This is an amalgamation of the “best bits” of the daily weekday newsletter/blog woven together to form a concise and coherent view on the things that matter in the commercial and economic news of the week.
THE DAY IN BRACKETS REFERS TO THE EDITION WHERE THE STORY APPEARED IN WATSON’S DAILY. Clicking on the day will take you to the appropriate edition of Watson’s Daily. You will need a FULL SUBSCRIPTION to be able to click through all the links which take you to the relevant articles.
THERE WAS GLOOMY TALK ABOUT THE WORLD ECONOMY AND A HALLOWEEN DELAY FOR BREXIT...
- There was talk about a global recession (Tuesday) as a number of leading indicators compiled by the OECD show the US, Japan, the eurozone, UK, Canada and Russia all losing momentum indicating the worst economic outlook since 2009. On the plus side, China, India and France showed signs of stabilising and Brazil even looks like it’s managing to pull itself out of its recent recession
- Theresa May got a Brexit deadline extension until October 31st (Thursday) with France’s Macron and Germany’s Merkel playing good-cop/bad-cop in negotiations
- President Trump is now levelling his sights on Europe (Tuesday) by threatening to impose tariffs on $11bn of EU goods just as he seems to be nearing a trade agreement with China. His main gripe is with subsidies going to Airbus – particularly pertinent at the moment considering the nightmare that Boeing is having at the moment
THERE WERE SOME INTERESTING DEVELOPMENTS IN IPOs AND M&A THIS WEEK...
- It seems that some upcoming much-hyped flotation candidates are reining in some of the usual pre-listing BS as Pinterest talked about a time-limit on the dual share structure for its imminent IPO (Monday) given that investors are getting increasingly disgruntled with being frozen out when tech shares come to market and Uber even downplayed its valuation (Friday) saying that it may never make a profit! This is all highly unusual behaviour given that the general tendency of “hot” tech companies is to pump up the valuation and give new share owners almost zero (or actually zero) voting rights. Lyft’s performance since its recent IPO has been somewhat underwhelming – which is all the more concerning given the number of “stabilisation agents” on the deal who will be desperate to keep the feelgood party feeling going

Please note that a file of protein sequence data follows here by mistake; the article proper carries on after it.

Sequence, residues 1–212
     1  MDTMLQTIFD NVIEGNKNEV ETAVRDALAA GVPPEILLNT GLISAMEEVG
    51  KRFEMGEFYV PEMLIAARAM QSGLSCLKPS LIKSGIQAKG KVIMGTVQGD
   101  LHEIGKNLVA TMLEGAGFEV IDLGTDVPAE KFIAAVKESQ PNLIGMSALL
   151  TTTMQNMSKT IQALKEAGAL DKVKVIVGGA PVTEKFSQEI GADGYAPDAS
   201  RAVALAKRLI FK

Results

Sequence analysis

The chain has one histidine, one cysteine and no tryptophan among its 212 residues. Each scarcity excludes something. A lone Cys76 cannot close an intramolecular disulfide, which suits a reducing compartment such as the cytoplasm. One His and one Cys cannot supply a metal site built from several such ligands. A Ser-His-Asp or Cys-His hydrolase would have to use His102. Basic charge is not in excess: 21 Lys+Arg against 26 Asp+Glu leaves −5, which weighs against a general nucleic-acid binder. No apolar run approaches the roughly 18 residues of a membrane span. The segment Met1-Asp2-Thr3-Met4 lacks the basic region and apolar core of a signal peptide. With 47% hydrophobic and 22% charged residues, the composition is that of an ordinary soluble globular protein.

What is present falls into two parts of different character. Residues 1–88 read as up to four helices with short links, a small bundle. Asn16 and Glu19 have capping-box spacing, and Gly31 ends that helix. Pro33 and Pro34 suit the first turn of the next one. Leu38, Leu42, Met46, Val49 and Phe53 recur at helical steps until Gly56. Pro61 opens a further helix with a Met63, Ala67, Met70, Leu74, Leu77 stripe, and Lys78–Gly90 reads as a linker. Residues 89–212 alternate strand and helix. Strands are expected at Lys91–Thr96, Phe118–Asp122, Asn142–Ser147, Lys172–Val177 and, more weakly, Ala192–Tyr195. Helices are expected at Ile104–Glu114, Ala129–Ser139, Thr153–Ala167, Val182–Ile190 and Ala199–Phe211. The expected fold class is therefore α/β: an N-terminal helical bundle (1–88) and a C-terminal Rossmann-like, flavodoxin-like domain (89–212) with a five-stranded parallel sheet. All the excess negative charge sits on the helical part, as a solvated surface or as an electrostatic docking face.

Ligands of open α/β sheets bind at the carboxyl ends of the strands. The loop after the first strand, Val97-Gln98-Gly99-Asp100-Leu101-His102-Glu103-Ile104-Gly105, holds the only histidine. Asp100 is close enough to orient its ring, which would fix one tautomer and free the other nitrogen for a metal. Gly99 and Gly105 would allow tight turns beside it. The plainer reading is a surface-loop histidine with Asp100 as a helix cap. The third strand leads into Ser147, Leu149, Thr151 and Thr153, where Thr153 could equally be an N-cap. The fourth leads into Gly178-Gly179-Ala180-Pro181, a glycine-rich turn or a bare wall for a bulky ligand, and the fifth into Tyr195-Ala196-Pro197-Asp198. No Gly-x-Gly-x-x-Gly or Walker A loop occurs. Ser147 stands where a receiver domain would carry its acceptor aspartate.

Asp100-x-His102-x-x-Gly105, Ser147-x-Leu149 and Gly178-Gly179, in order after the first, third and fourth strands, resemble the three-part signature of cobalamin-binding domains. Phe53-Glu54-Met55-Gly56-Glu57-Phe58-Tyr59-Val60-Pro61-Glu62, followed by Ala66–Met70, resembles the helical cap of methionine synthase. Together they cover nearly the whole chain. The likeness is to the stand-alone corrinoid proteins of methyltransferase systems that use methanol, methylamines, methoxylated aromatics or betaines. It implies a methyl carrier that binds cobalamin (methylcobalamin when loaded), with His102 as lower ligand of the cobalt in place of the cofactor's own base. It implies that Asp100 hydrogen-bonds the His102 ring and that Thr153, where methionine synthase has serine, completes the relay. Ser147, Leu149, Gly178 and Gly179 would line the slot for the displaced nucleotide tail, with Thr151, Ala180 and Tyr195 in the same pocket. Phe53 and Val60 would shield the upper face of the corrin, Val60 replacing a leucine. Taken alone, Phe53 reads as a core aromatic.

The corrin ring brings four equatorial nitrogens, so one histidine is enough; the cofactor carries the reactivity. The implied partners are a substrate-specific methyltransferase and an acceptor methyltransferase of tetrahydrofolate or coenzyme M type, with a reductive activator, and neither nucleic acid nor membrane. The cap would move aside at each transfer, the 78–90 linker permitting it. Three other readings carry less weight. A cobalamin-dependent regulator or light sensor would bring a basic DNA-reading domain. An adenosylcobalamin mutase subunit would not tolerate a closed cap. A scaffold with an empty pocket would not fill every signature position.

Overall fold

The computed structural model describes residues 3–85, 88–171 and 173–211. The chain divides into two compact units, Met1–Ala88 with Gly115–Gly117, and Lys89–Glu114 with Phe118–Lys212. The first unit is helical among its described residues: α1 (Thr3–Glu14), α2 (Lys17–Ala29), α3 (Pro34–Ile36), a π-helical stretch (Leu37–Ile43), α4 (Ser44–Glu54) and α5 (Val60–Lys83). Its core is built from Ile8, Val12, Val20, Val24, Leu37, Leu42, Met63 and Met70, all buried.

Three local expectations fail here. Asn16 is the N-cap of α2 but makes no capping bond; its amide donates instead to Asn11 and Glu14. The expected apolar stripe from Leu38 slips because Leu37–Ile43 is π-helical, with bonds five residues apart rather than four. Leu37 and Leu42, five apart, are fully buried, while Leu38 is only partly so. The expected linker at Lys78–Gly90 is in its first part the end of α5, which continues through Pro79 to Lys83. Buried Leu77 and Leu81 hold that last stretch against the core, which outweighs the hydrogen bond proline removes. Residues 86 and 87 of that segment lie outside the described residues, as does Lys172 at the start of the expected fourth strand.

- In M&A, Merck fought off competition to buy Versum for the sum of $6.4bn (Tuesday) and Garda World signaled a serious interest in buying all or part of G4S (Thursday). Although it’s not actually M&A, I thought I’d also mention that Fiat pooled its fleet with Tesla’s to meet CO2 emission standards (Monday), which is easy money for Tesla and shows that Fiat is lagging the rest when it comes to making environmentally-friendly vehicles
THERE WAS MORE DRAMA BEING PLAYED OUT IN UK RETAILING...
- Some recent stats show that more shops are being shut than are opening on the UK high street (Wednesday) and WH Smith’s results highlighted the disparity of rents (Friday) as it boasted that some of its outlets were rent-free because landlords valued their presence more than their rent. This is just more evidence of the difficulties facing many high street retailers
- Casual Dining Group is having trouble with its restaurants (Tuesday) but elsewhere on the high street, furniture retailer Dunelm unveiled strong performance at its Q3 results (Thursday) and there was news that Primark is having an initial dabble with online retailing (Friday) with click-and-collect being considered
- Elsewhere in retailing, Tesco announced some strong results (Thursday) marking a real comeback after a tricky few years under CEO Dave Lewis
IN INDIVIDUAL COMPANY NEWS, BOEING'S NIGHTMARES CONTINUE AND INDIVIOR'S ARE JUST STARTING...
- Boeing’s nightmares continue in the aftermath of the air crashes involving its 737MAX aircraft (Wednesday) as its order book grinds to a halt. Boeing’s suppliers are also starting to suffer (Friday) and the longer it goes on the harder it will be on them
- London-listed Indivior is facing a potential nightmare of a legal battle (Thursday) as it has been accused by the US Department of Justice of illegally elevating prescription sales of its opioid addiction treatment between 2006 and 2015 when it was part of consumer goods company Reckitt Benckiser. The company will contest this, but it’s not going to be pleasant. Reckitt Benckiser shareholders are worried that they will get embroiled in paying any punishment that they may be handed out as a result
My favourite story this week actually came out this morning – but I think it’s a positive note on which to end the week! Have a read of A dog named Cactus is dominating a race through the desert (The New York Times, Jere Longman https://tinyurl.com/y64dghaf). Ahhhhh!
Have a great weekend!